Toyota’s Camry H and Camry HL Hybrid specifications:

Both model grades have:

  • 151kW overall maximum power
  • 2.5-litre hybrid-specific petrol engine
  • EV drive mode
  • ECO driving indicator
  • seven SRS airbags
  • seatbelt warnings for all five seats
  • alloy wheels
  • electric driver’s seat with lumbar support
  • dual-zone auto climate control air conditioning
  • smart entry wireless door lock
  • smart start
  • acoustic windscreen
  • reversing camera
  • Hill-start assist control
  • display audio
  • Optitron instrument cluster with multi-information display
  • 300kg towing capacity
  • side indicators in the exterior mirrors, and
  • metallic/mica paint.

Camry H has 16-inch alloy wheels with Michelin tyres. A six-speaker display audio system with a 6.1-inch screen.

Camry HL has 17-inch alloy wheels with Bridgestone tyres, front fog lamps, rear lip spoiler, chrome door handles and chrome rear garnish. Interior leather accents and premium door trims, driver’s seat memory, power front passenger seat, premium steering wheel and gear-shift knob, electro-chromatic rear vision mirror and rear electric sunshade. JBL premium 10-speaker audio system with a seven-inch display screen, satellite navigation, live traffic updates and digital radio. The reversing camera on HL grade has a back-guide monitor. Rear parking sonar is also standard equipment on the HL model. Technology features on HL grade include blind spot monitor (BSM) and automatic high beam. A moonroof is available as an optional extra on Camry HL.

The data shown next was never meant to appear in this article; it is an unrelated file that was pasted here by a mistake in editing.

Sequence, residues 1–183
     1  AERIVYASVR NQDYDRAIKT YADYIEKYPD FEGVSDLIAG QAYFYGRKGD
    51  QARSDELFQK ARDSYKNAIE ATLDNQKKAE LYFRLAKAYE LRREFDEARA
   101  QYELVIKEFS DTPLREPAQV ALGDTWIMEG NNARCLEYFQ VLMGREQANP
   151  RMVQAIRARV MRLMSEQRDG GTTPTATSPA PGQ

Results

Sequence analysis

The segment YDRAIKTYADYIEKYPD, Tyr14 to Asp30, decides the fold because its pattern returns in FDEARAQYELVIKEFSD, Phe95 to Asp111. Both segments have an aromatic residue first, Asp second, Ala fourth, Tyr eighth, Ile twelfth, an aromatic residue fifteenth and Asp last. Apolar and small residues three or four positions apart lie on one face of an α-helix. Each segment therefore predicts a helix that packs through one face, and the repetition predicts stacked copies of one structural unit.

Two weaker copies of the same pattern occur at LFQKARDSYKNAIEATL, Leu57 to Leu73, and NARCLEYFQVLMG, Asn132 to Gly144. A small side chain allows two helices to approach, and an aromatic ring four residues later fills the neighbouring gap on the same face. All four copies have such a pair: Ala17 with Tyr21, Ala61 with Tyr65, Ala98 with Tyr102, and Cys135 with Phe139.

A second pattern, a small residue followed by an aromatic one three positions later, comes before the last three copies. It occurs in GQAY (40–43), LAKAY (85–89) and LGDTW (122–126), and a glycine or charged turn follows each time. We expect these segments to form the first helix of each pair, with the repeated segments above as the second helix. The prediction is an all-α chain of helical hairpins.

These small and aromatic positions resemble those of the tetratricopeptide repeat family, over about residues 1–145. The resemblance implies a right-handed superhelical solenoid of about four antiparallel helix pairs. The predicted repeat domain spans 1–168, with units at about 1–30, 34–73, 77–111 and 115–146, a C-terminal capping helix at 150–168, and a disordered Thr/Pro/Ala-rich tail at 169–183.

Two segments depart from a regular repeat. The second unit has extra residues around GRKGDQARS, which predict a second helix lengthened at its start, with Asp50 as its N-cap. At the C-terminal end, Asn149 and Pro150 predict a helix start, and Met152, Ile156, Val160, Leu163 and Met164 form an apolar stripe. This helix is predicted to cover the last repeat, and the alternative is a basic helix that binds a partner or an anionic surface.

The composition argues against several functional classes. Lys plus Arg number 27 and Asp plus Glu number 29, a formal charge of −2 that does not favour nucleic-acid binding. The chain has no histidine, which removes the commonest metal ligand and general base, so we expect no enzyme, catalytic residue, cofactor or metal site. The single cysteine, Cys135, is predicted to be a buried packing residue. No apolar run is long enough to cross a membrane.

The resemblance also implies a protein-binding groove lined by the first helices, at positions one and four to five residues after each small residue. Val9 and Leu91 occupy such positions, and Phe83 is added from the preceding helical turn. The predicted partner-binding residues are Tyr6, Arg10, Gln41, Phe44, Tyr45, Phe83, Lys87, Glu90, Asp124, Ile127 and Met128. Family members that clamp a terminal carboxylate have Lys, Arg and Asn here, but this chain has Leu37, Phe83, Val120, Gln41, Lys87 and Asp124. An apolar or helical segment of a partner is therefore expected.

Check out the gallery for more pictures.